Perhaps you’ve heard me say representation matters a time or two. Or maybe you’ve heard me say it a million times or two in the span of about five minutes. Either way, you know I’m a fan.
And perhaps you also know that I won an election this past fall to represent Ward 3 on City Council in West St. Paul, MN. I’m now the first openly LGBTQ person to serve on our city council. We’re a first ring suburb in the Twin Cities, which has over 3 million people if you combine Minneapolis and St. Paul, and one of the largest Pride festivals in the country. It’s progressive and diverse. It was baffling to me that it took that long to make that happen.
Today is National Out to Win Day. Running for office isn’t easy for anyone. I don’t care what people say. It’s not easy as part of the LGBTQ community for several more reasons. When you knock on someone’s door or introduce yourself to someone at a community event, you don’t know how they’re going to respond. My intent isn’t to scare people away by saying that, but an attempt to show how badly we need more representation. We can’t keep moving our communities into positive and we can’t make progress until more of us are represented at those levels.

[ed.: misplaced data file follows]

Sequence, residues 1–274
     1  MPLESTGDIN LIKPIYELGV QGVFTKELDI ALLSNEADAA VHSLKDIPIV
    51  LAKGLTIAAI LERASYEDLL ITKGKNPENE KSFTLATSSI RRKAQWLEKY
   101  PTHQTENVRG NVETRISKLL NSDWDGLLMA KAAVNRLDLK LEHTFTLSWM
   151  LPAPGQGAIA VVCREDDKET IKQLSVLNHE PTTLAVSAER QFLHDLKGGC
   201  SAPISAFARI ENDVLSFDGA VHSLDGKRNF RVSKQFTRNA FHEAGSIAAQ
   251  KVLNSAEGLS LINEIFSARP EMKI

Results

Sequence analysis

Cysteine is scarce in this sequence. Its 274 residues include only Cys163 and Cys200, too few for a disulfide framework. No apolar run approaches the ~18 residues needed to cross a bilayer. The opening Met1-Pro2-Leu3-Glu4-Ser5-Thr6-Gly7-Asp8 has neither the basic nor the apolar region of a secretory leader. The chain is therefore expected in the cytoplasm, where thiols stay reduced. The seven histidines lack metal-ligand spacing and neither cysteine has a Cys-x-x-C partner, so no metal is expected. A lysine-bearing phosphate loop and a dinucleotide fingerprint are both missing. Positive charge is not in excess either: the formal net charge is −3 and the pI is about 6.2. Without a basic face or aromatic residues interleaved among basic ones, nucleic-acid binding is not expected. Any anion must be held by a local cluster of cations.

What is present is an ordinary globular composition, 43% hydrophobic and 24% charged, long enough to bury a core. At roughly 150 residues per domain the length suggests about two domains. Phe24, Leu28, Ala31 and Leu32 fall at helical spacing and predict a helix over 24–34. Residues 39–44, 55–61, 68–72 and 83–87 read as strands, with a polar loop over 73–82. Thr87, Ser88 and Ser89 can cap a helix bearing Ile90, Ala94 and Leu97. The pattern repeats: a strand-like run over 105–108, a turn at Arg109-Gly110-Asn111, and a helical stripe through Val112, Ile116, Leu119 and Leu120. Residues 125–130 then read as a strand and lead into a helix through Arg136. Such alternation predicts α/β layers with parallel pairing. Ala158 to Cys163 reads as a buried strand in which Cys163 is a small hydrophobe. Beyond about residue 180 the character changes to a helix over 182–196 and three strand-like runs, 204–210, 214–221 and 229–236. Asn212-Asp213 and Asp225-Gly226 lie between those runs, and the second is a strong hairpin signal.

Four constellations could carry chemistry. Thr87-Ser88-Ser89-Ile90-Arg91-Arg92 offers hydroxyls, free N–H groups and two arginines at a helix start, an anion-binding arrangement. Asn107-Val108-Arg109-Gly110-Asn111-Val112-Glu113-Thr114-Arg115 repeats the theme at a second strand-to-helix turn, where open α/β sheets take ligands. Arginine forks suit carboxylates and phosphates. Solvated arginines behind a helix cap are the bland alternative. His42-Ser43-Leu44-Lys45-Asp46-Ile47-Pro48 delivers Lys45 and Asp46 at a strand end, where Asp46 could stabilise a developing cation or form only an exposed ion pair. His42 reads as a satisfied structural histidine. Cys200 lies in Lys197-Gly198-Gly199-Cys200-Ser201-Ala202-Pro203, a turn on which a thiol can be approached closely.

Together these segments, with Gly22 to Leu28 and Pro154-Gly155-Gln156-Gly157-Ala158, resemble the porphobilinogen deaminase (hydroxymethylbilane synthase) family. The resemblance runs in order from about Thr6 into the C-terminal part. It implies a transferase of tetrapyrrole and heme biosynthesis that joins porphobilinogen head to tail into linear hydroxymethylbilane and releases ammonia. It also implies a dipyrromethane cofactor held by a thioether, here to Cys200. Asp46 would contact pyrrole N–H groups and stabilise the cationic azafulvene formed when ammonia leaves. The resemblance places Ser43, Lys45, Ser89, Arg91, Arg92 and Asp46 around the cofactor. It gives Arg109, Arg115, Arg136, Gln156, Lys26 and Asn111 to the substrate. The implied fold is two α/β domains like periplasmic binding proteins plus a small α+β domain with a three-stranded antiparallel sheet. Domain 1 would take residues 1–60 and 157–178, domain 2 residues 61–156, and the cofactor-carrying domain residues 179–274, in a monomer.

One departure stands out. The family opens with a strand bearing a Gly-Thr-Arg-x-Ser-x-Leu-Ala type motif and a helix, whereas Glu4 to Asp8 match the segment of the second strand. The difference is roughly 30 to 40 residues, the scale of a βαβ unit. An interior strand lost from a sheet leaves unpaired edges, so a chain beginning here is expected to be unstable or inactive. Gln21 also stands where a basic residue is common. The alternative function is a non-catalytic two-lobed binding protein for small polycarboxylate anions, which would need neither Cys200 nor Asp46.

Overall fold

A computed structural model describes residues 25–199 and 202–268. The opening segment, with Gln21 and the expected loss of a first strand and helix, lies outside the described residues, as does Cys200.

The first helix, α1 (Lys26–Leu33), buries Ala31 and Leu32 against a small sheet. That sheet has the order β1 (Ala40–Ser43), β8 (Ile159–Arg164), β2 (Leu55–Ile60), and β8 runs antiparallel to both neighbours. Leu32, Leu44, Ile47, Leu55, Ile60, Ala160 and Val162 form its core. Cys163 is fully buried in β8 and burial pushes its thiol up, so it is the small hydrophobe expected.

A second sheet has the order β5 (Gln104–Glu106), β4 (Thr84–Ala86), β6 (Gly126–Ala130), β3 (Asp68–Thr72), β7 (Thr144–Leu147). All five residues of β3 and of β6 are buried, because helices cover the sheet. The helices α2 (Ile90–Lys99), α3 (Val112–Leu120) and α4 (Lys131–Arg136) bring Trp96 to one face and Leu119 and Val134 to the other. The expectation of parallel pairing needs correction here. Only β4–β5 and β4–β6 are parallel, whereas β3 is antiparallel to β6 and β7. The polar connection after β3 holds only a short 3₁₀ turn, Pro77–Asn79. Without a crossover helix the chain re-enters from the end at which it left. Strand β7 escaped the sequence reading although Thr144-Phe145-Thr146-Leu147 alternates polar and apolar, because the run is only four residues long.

For my LGBTQ folks, consider running for office. Any office. We have to be told over and over and over in order for it to resonate that we can do something like this and that we can make a difference. I’m here to tell you that same thing again. You can be a voice, not only for people in the LGBTQ community, for other people in marginalized and underrepresented groups that haven’t had these voices.
And for people that are reading this because they thought it might have something to do with human resources, here’s some breaking news. It has to do with humans and that’s your bag. When we’re underrepresented, we need our voices amplified. Help those around you move into positions where they can do that. That’s a true ally.